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Effects of low temperature on electrophysiology and mechanophysiology of human induced pluripotent stem cell-derived cardiomyocytes (hiPSC-CMs)

Abstract

Studies related to low temperature and their effect on cardiomyocytes are essential as hypothermia—like situations have been known to induce arrhythmia or ventricular fibrillation. Till date, several studies have been carried out on animals and their electrophysiological responses have been studied in the form of action potential. However, for a complete assessment of the effect of low temperature, mechanophysiological changes along with electrophysiological changes need to be investigated, at the tissue level. In this study, the effect of culture temperature on cell growth has been studied by measuring the field potential and contractility of human induced pluripotent stem cell-derived cardiomyocytes. This study has the potential to further improve the understanding of low temperature on human cells.

Introduction

Temperature is an important factor for the proper functioning of the cardiac muscle. Low temperatures could have extreme effects on the heart, such as prolongation of the QT interval and the QRS interval [1]. Effects including ventricular fibrillation and arrhythmia could be developed in the cardiac tissue [2,3,4]. The QT interval is an important parameter to detect arrhythmias, and it’s the understanding of its prolongation is essential. The underlying ionic mechanisms pertaining to the prolongation of the QT interval have been discussed with the measurement of action potential using patch clamp studies [5]. Patch clamp involves the electrophysiological study of a single cell and its ionic currents. The electrophysiological effects of low temperatures at the tissue level are yet to be studied. Electrophysiology of the cardiac tissue can be studied with the measurement of extracellular action potential, also known as field potential. Field potential can be measured by culturing cells on microelectrode array (MEA) and simultaneously measuring the field potential from the MEA. There are several commercially available MEAs available to measure the field potential of electrogenic cells such as neurons, retinal cells and cardiomyocytes [6, 7].

On the other hand, the mechanisms pertaining to calcium signaling in the cardiomyocytes at low temperature have been studied extensively till date [8,9,10,11]. Contractility studies have also been performed in this regard on animals such as rats, rabbits and hedgehogs [12]. However, it is essential to understand the response of the human heart to low temperature in the event of hypothermia. The mechanophysiological and electrophysiological effects of low temperature have not been studied still date.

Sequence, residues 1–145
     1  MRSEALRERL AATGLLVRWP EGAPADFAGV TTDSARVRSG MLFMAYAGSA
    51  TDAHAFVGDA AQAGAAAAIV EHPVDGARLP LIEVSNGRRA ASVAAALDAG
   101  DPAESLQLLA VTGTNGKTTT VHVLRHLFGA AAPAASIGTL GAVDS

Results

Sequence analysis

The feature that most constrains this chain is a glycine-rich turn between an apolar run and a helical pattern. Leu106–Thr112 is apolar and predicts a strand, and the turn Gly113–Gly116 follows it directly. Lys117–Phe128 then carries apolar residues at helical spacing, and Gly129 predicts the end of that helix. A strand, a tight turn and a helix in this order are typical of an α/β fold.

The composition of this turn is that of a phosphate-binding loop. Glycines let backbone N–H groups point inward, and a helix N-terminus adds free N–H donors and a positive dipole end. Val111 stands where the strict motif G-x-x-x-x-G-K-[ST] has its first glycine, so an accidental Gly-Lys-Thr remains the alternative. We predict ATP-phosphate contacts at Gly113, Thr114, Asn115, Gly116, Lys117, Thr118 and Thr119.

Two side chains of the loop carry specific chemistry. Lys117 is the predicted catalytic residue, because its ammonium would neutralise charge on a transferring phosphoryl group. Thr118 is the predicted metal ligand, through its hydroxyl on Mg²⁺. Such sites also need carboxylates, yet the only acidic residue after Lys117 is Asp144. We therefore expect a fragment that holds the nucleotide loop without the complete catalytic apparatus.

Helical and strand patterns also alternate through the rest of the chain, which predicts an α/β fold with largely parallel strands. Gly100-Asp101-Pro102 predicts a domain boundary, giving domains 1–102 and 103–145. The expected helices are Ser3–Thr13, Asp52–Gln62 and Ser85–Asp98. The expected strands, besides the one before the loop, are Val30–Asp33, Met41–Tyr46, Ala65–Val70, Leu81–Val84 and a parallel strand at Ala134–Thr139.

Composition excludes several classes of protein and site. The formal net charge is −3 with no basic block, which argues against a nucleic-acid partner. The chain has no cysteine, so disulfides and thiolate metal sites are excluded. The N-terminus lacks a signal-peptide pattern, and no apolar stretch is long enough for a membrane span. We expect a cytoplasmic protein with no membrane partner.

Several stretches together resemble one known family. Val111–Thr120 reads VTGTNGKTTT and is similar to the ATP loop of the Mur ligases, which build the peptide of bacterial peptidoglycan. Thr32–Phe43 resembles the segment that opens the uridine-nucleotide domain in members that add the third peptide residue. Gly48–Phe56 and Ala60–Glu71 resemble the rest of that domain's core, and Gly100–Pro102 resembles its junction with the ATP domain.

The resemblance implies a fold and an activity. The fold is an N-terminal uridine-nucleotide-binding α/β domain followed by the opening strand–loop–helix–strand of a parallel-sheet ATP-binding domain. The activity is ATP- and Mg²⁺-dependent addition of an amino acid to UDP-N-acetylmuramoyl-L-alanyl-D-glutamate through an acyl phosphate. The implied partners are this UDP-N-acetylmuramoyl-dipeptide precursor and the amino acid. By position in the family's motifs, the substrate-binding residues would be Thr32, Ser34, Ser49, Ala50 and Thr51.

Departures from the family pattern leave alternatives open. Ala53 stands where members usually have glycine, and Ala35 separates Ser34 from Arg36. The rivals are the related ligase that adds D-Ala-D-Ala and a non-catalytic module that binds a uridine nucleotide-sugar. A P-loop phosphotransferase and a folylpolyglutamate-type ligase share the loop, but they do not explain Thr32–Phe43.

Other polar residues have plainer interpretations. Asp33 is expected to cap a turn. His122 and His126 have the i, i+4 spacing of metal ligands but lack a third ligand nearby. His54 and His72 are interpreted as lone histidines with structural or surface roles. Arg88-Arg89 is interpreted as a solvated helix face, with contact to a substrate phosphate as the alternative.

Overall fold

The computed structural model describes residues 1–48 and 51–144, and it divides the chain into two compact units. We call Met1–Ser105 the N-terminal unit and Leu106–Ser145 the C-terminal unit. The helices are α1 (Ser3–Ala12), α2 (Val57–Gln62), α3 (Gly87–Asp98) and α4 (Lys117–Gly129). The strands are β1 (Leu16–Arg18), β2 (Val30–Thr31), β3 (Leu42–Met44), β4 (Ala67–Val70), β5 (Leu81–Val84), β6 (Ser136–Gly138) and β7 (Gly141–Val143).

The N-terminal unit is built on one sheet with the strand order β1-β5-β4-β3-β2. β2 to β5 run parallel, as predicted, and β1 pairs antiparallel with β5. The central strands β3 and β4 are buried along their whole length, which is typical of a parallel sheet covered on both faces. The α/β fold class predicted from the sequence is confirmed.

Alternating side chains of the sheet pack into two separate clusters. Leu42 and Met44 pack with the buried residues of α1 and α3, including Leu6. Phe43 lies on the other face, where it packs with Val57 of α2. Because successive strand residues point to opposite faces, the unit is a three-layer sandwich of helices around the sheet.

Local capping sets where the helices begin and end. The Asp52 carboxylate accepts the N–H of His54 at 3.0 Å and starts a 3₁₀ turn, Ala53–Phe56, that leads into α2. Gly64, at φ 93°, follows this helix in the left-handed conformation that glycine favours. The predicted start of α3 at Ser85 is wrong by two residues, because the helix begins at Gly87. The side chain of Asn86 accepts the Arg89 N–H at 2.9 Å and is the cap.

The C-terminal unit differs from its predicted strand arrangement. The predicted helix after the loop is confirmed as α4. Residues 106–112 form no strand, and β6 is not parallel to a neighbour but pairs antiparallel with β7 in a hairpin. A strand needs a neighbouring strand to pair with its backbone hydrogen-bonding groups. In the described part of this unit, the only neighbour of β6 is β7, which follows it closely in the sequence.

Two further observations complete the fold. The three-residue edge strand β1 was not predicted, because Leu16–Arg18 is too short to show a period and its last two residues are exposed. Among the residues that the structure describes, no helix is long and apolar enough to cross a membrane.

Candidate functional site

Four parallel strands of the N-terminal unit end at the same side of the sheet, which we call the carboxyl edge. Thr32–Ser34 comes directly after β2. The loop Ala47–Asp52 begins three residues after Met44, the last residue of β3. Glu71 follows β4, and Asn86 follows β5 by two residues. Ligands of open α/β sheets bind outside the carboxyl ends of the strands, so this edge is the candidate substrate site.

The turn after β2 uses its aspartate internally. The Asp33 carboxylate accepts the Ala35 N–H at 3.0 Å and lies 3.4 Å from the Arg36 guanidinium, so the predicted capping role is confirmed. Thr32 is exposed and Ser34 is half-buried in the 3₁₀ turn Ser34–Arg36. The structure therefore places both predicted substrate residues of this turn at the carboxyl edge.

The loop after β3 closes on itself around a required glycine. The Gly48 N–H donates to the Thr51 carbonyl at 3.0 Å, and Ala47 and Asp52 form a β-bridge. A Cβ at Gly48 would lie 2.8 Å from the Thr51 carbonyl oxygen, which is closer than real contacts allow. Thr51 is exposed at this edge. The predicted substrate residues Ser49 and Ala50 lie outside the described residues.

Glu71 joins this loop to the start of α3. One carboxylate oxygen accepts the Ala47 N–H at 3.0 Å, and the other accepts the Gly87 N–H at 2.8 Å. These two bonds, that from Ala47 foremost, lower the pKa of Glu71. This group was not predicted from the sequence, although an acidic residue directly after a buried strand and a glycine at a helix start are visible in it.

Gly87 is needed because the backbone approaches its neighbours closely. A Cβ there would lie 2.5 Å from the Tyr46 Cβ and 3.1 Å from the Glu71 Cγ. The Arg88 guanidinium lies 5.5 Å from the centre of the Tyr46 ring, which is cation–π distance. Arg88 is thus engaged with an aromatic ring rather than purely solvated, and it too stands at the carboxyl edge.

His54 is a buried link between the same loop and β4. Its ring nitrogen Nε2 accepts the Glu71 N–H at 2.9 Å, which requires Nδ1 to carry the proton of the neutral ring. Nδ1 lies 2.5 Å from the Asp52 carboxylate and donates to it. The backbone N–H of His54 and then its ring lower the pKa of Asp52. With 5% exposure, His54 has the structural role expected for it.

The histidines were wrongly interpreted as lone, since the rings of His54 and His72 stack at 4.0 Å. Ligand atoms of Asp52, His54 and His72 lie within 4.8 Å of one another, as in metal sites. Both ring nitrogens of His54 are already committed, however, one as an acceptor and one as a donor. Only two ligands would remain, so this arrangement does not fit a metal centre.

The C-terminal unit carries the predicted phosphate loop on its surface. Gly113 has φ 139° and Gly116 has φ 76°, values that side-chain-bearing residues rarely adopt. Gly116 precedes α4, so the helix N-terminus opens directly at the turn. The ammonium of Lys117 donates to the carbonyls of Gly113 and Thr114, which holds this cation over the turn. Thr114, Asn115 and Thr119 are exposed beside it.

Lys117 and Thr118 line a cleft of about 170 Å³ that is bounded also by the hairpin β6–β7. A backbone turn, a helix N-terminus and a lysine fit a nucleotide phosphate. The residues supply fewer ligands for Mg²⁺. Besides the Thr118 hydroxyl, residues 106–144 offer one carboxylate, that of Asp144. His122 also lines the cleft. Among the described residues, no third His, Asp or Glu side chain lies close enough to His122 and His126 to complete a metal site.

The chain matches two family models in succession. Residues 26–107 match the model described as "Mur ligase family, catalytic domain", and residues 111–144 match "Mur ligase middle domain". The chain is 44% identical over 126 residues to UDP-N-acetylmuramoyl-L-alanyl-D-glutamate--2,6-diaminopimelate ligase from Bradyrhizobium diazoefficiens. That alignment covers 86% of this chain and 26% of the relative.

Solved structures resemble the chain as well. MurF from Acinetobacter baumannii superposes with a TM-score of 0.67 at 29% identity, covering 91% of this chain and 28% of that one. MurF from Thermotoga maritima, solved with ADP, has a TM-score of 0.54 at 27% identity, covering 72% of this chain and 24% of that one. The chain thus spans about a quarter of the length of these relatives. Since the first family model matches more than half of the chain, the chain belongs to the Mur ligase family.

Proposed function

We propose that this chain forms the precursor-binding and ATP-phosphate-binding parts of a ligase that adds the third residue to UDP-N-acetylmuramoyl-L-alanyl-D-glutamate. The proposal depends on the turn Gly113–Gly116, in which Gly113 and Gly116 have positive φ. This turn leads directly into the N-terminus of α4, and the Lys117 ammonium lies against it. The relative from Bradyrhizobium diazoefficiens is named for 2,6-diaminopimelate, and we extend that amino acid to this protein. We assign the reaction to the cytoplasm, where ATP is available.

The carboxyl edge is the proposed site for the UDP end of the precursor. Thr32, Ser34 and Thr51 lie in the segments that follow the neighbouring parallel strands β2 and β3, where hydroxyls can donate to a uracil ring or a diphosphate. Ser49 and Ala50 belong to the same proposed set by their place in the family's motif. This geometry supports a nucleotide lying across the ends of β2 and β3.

In this study, the effect of low temperature has been studied on human induced pluripotent stem cell—derived cardiomyocytes (hiPSC-CMs). We have studied the electrophysiology as well as contractility of hiPSC-CMs from the standard temperature of 37 to 28 °C. The commercially available system of Axion Biosystems was used to perform this study. Electrophysiology was studied by measuring the field potential and contractility was studied by measuring the change in impedance between the cells and the electrode.

Fig. 1
figure 1

a Field potential duration and field potential amplitude calculation methods from field potential graph and contractile amplitude and beating duration calculation methods from contractility graph, b optical image of the distribution of hiPSC-CMs cultured on the Axion biosystems well plate

Materials and methods

Generation of hiPSC-CMs

hiPSC-CMs (ax2508) purchased from Axol Bioscience (UK) were utilized for this study. The cryopreserved cardiomyocytes were rapidly thawed, then diluted in maintenance medium with supplements (Axol Bioscience, ax2530-500) and 10 % fetal bovine serum. Before cell culture, fibronectin was coated on the Axion Biosystems well plates to improve cell adhesion. The cells were cultured on the well plates with a density of 1000 cells/mm2. The culture medium was replaced once every 2 days.

Measurement of field potential and contractility

The electrophysiology and mechanophysiology of the cells cultured on the Axion Biosystems well plate were measured using MEA Maestro (Axion Biosystems, USA). The parameters measured and the cells cultured on the well plate are shown in Fig. 1. Electrophysiology was measured in the form of field potential, and mechanophysiology was measured in the form of contractility. Spontaneous beats were recorded in absence of electrical stimulation. The data was recorded using the data acquisition software AxIS Navigator that was connected to the MEA Maestro. Field potential duration (FPD) was measured from the negative spike up to the last peak. FPD was measured using the Cardiac Analysis Tool software of Axion Biosystems. Contractile amplitude was measured by measuring the difference between the topmost point of contractility and the bottom-most point. Beating duration was calculated as the time difference between 10% of contraction and 90% of relaxation. Sampling rate of the system was 12.5 kHz.